Archaeological and literary evidence shows that our concept of and relation to god or the gods has changed over the past six thousand years, this being the titular “great shift” of James Kugel’s The Great Shift: Encountering God in Biblical Times. After study of this excellent book, I could not help but ask some questions.
Has God become more remote or have we put God at arm’s length? Did Jesus restore a personal relationship to God with us, among us? Did we respond to Jesus by again pushing God out of our daily lives into the church or temple or prayer closet? Are we determined to make God too holy to approach?
Great Shift Take Aways
It’s not an easy task to summarize a book that is a page turning sprint through evidence of human views about the divine from some 30,000 years ago until shortly after the second temple period (which ended in AD 70 or, as scholars put it, 70 CE). So, lucky you, I won’t even try!
The shift is one from a god(s) that is/are close by, in human-like form, and in one place at at a time, to god(s) that are omnipotent and beyond description, omniscient, distant yet omnipresent, and inaccessible or accessible only through prayer without expectation for a direct response. Archaeology as well as the Biblical texts show such a shift over time. Kugel’s book also discusses neurology, anthropology, and a host of other scientific elements that I’ll not delve into here. That notwithstanding, key take away points are in order:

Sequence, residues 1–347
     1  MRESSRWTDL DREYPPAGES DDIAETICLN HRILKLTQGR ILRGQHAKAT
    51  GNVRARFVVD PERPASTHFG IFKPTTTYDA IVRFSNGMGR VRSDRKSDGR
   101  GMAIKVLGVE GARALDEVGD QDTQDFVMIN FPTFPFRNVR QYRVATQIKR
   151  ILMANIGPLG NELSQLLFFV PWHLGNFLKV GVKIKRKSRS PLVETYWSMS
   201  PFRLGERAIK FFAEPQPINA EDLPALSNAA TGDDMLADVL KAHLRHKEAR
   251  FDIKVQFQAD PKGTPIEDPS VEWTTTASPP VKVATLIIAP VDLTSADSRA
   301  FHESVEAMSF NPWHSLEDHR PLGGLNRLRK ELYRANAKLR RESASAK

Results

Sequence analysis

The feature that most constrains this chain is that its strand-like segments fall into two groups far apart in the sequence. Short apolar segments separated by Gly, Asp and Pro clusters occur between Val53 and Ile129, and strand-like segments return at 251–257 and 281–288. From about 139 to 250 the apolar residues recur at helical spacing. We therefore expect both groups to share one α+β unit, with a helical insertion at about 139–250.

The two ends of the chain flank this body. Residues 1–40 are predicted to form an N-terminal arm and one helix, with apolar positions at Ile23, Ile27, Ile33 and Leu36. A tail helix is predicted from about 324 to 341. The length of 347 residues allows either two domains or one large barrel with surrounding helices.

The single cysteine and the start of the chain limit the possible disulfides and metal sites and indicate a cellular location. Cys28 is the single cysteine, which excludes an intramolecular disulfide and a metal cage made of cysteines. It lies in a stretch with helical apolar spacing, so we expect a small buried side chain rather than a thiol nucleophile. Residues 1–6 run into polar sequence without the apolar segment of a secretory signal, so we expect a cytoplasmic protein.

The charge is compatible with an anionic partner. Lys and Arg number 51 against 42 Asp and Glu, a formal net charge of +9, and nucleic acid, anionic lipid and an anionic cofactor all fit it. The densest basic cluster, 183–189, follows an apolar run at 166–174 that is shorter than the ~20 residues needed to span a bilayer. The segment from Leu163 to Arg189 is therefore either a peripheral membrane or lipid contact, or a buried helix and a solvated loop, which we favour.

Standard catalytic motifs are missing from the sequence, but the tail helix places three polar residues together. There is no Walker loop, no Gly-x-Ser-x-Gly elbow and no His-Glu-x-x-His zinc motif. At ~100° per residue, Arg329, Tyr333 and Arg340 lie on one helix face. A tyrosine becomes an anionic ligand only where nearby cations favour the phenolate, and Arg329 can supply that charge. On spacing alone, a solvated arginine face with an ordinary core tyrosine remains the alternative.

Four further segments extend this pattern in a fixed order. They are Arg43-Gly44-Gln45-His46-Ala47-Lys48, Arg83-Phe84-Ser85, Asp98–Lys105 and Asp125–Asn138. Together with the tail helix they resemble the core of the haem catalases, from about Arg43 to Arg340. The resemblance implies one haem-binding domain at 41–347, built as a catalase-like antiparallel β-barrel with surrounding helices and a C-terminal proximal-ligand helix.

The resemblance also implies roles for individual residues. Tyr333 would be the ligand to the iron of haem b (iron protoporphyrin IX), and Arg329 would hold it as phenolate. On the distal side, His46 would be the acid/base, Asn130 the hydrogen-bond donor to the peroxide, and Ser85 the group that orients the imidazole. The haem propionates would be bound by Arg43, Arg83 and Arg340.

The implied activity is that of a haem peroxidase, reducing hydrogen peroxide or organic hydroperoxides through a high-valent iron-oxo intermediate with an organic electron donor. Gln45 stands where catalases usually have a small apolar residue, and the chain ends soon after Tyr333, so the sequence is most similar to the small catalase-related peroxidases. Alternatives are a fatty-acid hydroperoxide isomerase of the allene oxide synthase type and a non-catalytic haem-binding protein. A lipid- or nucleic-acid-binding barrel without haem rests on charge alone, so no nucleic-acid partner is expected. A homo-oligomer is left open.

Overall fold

- 30,000 years ago or so, there is currently no evidence of human belief in or worship of the divine. Absence of evidence is not evidence of absence, however, the “god gene” theory does not appear to be supported by anthropological or archaeological evidence.
- About 6,000 years ago, say 4,000 BCE, we start having evidence of a belief in the afterlife and of gods, often in burial artifacts.
- The earliest texts (and drawings and pottery etc.) indicate gods that come among the people in human or human like forms such as are found in Genesis and the Garden of Eden: N. B. Genesis 3:8 and the couple hearing God walking in Eden.
- People see what they think to be a person which they later discover was God (such as Abraham’s encounters, the encounters prior to the birth of Samson). Note that, today, 10-15% of the population “hear” and / or “see” apparitions of the divine at one point or another in their lives. Most of us are normal, average, sane individuals.
- As time goes forward, depictions of the divine become more remote, more foggy, less direct. Still, gods appear wherever they please whenever they please.
- At Sinai, God speaks directly to the people (Exodus chapter 20). Note also that God resides on Sinai (Exodus Chapter 33: Moses has to plead with God to accompany the people into the promised land after the golden calf incident. Side note: in Exodus 33:2, God would have ‘driven out’ the peoples of the promised land had He not accompanied Israel. A note of interest.) It is also in Exodus 33 where Moses is allowed to see God’s glory (Exodus 33:19-23) but not His face; clearly God is of imaginable size at this point. In terms of date, biblical reckoning has the Exodus at at or near 1446 BCE.